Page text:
Combichrist are back with yet another foray into the worlds of industrial, electronica and metal, this time creating a disc that actually doesn’t cause me to look away in disappointment. Reason being, as much as I’ve loved industrial, electronica (synthwave especially these days) and metal music, I never felt that Combichrist offered a very solid version of it.

They’ve always felt hokey and simplistic, which is why I appreciate the drastic course change they’ve made here. How drastic, you ask? Well, for starters, the bombastic folk-ballad “Bottle Of Pain” lacks even an instance of electronic, industrial, or metallic elements, regardless of the fact that it feels completely natural for them. If that sounds disappointing, then rest assured, you’ll find plenty of system-bashing industrial numbers in “Hate Like Me,” “Broken United” (which lyrically feels a bit adolescent to me, but I would figure that it may be geared to a disenfranchised younger audience), and “Guns At Last Night” which can  be defined as just another day at the office for these guys.

However, when we arrive at “Lobotomy,” we find the band picking up more of an electronic vibe that seems a bit far-removed from their normal, high-octane melds of metal and synth. The song almost takes on a bit of a club atmosphere, which, again, works quite well for them.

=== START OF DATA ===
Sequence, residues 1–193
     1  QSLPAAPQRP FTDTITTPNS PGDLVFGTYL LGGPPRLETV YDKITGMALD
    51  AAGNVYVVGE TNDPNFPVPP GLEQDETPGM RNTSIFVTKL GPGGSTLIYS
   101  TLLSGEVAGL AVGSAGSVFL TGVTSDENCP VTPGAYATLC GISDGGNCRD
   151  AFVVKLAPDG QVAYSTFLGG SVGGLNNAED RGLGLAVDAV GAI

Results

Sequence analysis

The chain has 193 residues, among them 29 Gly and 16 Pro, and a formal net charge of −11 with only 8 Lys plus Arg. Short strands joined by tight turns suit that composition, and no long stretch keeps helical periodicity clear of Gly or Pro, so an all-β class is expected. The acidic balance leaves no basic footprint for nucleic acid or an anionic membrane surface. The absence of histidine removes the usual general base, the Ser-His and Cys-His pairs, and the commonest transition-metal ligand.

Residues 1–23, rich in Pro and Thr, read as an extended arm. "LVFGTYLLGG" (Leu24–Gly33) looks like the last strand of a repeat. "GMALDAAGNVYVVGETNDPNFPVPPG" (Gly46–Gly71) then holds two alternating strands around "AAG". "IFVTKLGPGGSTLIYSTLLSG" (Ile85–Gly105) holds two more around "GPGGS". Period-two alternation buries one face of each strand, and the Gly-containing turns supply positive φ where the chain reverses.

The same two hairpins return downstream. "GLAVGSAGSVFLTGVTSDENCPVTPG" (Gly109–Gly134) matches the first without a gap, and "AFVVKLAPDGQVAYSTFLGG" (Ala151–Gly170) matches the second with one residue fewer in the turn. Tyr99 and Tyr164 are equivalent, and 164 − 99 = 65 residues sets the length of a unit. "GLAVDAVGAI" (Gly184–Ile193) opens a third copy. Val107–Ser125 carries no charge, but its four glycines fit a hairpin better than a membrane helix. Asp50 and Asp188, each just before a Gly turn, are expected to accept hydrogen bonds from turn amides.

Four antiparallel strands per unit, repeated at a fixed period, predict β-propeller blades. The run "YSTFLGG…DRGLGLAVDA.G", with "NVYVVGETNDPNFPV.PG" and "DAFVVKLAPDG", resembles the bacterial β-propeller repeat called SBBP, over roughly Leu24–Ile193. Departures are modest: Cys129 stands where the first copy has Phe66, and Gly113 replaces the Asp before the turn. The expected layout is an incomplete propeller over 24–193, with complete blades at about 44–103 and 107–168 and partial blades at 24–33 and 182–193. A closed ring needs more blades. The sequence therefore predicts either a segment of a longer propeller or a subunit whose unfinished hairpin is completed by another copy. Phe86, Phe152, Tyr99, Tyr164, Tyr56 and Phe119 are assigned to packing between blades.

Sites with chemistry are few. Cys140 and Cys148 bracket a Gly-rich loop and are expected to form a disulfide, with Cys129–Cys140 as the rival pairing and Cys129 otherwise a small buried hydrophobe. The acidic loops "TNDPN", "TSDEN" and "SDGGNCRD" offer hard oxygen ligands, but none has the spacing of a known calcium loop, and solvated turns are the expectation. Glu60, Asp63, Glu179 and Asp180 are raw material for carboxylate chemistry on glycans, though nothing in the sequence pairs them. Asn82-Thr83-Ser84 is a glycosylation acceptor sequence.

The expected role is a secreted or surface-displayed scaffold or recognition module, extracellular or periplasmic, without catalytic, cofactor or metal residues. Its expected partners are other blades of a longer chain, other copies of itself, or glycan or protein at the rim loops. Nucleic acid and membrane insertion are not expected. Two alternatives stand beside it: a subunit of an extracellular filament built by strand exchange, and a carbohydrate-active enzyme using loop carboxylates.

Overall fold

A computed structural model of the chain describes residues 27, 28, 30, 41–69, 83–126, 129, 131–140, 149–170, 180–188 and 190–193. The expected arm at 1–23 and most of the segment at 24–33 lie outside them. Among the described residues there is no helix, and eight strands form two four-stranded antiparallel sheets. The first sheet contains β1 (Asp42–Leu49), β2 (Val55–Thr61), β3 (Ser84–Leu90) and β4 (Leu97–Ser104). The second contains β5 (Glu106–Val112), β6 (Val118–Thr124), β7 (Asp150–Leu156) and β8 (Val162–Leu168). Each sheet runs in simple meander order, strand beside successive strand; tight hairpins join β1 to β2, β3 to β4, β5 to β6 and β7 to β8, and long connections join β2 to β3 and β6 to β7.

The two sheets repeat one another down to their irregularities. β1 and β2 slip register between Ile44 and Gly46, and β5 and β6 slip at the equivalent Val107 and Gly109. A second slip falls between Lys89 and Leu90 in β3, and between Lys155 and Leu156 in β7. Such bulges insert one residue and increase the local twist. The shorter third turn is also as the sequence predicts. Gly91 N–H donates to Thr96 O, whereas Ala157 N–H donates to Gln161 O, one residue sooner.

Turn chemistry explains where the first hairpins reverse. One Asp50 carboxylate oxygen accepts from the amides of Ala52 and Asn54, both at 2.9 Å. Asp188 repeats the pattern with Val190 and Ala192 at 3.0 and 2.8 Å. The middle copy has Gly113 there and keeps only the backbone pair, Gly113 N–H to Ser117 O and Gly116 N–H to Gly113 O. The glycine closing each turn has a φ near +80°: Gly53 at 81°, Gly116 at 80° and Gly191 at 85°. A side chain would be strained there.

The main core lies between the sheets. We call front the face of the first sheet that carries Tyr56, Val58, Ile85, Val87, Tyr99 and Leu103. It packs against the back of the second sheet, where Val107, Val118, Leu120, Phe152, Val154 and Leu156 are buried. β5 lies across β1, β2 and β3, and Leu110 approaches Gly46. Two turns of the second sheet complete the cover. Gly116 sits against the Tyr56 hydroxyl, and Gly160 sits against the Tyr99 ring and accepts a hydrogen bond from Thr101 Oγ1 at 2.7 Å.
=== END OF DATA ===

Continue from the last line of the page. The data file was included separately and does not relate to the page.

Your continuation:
There will certainly be a few Combichrist fans displeased by a couple of songs here, and even I feel that such pieces like “2045” and “Interlude” seem a bit like afterthoughts in the long run. I’m not sure what’s going on with the punk vibes of “California Uber Alles” either, but “Last Days Under The Sun” at least carries an authentic aggro-tech vibe that reminds me of early Grendel. There aren’t very many acts attempting that style these days, so it’s good to see Combichrist carrying it forward.

The final song here, “The Other,” seems to have as great of an emotional impact as “Bottle Of Pain” almost sounding like a completely different band altogether—and that’s a good thing, because I think that Combichrist were in danger of sounding too much like Combichrist. It’s fine to pave the road a few times, especially when people seem to enjoy it, but variety is the spice of life, and One Fire definitely seems to embody that.

While there are definite heavy numbers here, the disc isn’t quite as fiery as one might expect. I simply wouldn’t have it any other way. I greatly appreciate the fact that these guys are thinking out of the box, even if it proves detrimental to their fanbase as a whole. Music must evolve, and this album is a fine example of that.

Purchase the album here. 

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